A Family Guide to the 2017 Eclipse: 4 Ways to Prep Your Kids and Make It Memorable

Thank you to Space Racers for partnering with PMB for this sponsored post.

Anyone who hasn’t heard of the solar eclipse happening on August 21 has likely been living under a rock. Oregon is especially focused on this event because it marks the first U.S. location within the Path of Totality, where projections expect almost two minutes of darkness starting at about 10:15 a.m. After passing through Oregon, the phenomenon will be observed across the country, with its final American pit stop in South Carolina at 2:42 pm.

In Portland, we are expecting 99% totality, which eclipse chasers assure us is pretty neat. Those seeking 100% totality are migrating southward in droves, many setting up a day or two ahead of time at sold-out campsites or other venues within the Path.

Family Guide to the 2017 Eclipse
Whether you are staying local for the partial eclipse or making the trek for the total eclipse, there are a few ways to get you and your family ready for the big day. Below are four tips to make the eclipse a successful family event!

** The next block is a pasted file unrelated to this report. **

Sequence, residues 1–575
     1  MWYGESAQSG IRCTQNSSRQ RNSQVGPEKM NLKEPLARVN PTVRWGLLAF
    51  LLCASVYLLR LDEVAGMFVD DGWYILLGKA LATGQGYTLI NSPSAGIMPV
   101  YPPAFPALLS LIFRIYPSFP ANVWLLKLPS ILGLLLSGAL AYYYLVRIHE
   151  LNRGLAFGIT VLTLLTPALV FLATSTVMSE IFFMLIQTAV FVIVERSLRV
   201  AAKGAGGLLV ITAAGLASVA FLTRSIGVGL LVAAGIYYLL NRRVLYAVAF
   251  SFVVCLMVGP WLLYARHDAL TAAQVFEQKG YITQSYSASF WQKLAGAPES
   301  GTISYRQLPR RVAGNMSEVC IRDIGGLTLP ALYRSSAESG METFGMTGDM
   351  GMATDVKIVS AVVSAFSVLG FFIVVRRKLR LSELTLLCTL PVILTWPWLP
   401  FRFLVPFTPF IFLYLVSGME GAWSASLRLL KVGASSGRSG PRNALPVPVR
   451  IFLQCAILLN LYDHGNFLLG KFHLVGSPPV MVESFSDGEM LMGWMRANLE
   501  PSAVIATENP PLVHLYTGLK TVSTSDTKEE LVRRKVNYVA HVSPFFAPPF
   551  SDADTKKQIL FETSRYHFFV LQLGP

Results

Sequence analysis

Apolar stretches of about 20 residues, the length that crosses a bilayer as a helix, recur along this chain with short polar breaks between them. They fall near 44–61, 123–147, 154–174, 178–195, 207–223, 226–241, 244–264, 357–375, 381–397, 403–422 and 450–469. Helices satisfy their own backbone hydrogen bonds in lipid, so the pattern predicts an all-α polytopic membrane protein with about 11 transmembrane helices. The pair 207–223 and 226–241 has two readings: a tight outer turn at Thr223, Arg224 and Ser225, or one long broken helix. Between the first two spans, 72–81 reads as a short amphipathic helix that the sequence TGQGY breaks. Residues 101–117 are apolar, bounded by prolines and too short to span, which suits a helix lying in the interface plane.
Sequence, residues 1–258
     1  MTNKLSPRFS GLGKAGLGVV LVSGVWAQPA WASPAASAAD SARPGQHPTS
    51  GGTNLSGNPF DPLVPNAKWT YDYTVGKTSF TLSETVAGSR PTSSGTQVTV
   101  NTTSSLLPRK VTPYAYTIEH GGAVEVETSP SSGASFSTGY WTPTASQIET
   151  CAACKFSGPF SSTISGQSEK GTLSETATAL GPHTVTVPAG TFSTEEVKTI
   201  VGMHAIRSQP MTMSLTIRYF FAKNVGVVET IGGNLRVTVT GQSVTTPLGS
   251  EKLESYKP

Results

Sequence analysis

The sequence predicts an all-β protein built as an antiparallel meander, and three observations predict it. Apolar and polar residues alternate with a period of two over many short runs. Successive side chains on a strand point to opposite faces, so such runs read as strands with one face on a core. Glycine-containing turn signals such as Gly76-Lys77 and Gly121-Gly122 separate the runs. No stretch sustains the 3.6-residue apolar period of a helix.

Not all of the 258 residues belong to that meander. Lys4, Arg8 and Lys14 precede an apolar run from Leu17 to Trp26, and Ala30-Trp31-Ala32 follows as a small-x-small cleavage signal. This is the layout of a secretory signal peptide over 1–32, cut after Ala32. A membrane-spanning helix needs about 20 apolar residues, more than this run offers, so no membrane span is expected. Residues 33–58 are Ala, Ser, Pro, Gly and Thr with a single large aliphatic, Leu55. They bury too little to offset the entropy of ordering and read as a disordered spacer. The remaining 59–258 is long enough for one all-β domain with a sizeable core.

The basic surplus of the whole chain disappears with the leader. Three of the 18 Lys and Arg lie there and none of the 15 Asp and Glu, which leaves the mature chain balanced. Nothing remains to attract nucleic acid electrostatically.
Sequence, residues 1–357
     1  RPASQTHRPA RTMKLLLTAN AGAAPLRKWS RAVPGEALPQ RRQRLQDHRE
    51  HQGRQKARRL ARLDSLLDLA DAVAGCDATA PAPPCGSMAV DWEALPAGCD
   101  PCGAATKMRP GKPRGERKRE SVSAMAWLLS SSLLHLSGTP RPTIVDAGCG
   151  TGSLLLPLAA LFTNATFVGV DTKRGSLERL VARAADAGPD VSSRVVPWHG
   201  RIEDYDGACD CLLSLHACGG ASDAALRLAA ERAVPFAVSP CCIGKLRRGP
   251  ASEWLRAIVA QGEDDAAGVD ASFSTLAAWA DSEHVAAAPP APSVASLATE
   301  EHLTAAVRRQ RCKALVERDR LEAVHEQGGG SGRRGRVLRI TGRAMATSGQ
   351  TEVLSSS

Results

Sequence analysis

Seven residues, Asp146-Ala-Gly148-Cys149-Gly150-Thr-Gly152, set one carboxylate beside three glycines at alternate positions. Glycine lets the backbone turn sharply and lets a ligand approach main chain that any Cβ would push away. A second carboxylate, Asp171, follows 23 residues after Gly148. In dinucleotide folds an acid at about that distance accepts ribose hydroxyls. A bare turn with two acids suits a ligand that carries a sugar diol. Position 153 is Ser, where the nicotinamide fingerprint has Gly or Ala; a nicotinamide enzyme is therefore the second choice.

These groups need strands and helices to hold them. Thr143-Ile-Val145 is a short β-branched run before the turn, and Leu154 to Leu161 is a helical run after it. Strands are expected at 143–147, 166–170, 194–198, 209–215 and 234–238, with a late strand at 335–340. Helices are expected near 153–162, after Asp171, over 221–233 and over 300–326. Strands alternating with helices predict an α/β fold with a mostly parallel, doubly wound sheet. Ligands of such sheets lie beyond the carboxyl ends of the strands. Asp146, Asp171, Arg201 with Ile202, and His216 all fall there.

1. Check out eclipse books, sites, kits, and videos

In the days leading up to the eclipse, take the opportunity to chat science with your kiddos. Our crash course started with a solar system poster in the toy room to lay the foundation. Our next stop was the extremely cool Eclipse Simulator that can show you a timelapse of what the sky will look like on August 21 in any given city in or near the Path of Totality — worth checking out to give your kids a great visual of what they can expect.

Space Racers Eclipse Kit
The boys review our location relative to the Path of Totality on the Space Racers eclipse map.